Friday, August 1, 2008

Un-Banning Brian

Sue Jones-Davies, Mayor of Aberystwyth, Wales, U.K. has proposed lifting the ban on Monty Python's classic movie, “The Life of Brian”. The film is a whacky piece of comedy that examines the mass hysteria of crowds, and herd mentality.

The difficulty for many Christians with this film, however, is that Monty Python used Jesus Christ as an integral part of their spoof. In a sideways fashion, Jesus is upstaged by an average guy nextdoor, Brian Cohen. So, wanting to come and see their saviour, the hyped-up crowds descend on what they think is Jesus' house only to mistakenly end up at Brian's house. From that point on, Brian grows up with an entourage of followers, and is continuously fending them off with the proclamation that they've got it all wrong, that he's not the saviour.

Still, many Christians were deeply offended by the off-beat humour of the British troupe, and have held to that offense ever since. Reverend Bell opposes lifting the ban, saying,

"There's been no change in attitude or response to the film amongst the Christians who have spoken to me in Aberystwyth...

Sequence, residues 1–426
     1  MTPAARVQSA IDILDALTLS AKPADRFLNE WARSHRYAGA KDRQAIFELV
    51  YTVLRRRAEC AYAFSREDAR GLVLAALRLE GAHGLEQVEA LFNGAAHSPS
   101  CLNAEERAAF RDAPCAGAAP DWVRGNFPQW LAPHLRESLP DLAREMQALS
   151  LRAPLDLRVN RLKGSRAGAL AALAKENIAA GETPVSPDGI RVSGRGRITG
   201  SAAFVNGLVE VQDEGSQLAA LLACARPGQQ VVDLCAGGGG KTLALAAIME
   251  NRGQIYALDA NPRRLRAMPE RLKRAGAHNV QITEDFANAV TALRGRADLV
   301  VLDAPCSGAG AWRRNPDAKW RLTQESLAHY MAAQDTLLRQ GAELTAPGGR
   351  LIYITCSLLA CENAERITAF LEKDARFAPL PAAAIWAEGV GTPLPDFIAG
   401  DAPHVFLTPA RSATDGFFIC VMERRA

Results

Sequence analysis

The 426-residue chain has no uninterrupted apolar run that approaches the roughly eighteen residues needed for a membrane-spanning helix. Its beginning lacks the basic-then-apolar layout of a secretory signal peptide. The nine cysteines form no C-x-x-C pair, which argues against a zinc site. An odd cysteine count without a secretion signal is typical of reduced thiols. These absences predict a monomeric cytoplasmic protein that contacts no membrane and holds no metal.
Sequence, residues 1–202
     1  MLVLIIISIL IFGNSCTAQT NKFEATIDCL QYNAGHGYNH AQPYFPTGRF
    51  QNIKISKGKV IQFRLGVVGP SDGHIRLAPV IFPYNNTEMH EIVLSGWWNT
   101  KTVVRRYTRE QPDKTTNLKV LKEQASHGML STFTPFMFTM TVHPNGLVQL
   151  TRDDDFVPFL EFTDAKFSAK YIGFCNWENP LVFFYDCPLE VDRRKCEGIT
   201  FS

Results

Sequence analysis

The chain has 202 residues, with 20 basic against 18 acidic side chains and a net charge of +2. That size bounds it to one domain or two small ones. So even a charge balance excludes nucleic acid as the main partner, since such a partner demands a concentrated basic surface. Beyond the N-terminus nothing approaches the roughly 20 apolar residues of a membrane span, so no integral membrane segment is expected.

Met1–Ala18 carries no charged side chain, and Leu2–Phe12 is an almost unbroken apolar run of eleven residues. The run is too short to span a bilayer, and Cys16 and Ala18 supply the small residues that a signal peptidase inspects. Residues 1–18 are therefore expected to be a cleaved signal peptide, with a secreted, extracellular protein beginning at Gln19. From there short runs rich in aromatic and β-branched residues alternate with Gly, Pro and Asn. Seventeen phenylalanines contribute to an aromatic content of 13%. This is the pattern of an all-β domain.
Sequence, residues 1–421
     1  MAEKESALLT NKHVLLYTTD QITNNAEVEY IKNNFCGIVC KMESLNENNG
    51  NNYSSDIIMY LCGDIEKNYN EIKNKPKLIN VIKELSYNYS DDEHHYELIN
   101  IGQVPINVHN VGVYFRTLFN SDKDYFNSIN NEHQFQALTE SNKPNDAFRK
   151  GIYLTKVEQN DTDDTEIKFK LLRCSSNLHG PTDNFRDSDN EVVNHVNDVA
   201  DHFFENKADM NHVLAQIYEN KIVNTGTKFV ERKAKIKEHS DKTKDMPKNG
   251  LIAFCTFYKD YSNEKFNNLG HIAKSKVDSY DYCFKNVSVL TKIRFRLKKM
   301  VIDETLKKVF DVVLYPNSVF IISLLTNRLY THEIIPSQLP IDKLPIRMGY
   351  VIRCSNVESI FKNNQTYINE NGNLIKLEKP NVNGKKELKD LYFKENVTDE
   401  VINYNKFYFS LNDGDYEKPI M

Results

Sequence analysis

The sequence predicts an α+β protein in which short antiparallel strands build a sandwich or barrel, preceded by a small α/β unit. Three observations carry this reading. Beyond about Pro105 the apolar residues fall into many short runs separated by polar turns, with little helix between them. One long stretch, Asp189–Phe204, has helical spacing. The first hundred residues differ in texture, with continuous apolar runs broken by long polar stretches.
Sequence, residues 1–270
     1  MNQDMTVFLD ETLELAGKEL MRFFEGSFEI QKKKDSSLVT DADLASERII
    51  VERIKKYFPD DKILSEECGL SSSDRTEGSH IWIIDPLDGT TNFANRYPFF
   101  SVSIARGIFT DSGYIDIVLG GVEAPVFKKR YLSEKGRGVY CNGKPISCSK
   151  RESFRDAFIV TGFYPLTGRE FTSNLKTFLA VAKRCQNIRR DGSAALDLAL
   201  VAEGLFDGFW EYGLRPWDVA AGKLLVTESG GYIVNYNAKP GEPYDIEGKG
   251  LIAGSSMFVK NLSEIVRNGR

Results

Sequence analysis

"The film at its root is poking fun at Christ and we don't want that to happen. I don't think that the film should be shown. Why should the ban be removed?

“If someone was going to make fun of my wife in a film then I would oppose that… Making fun of Jesus Christ, whom I love more than my wife, in a film is going to offend me."

The problem, as I see it, though, is that the film is not about Jesus. And that's where most of the misunderstanding comes in. The film is very directly about people blindly following a mistaken identity; it's about the madness of crowds.

There are plenty of examples of crowd delusions beaten into history, and Charles Mackay has catalogued some of them quite well. The fact that this film gives some stage to Christ does not make it about Christ, nor does it mean that Christ is considered farcical. The film is simply a creative jaunt into a giant 'what if?' What if people had mistaken the baby born next door to Christ as the Messiah? What would happen if Brian were thought to be the Christ, and not Jesus?

"Jones-Davies has previously said, 'I would like to think that any religion would have the generosity to see the film for what it is, which is a comedy,' according to the BBC."

I quite agree. Over-reaction is something that plagues a lot of religious folk. Banning an imaginative comedy for making fun of crowds that mistake Brian Cohen for Jesus Christ is simply proving Monty Python's point: people are easily whipped up into thoughtless frenzies. This being no exception.

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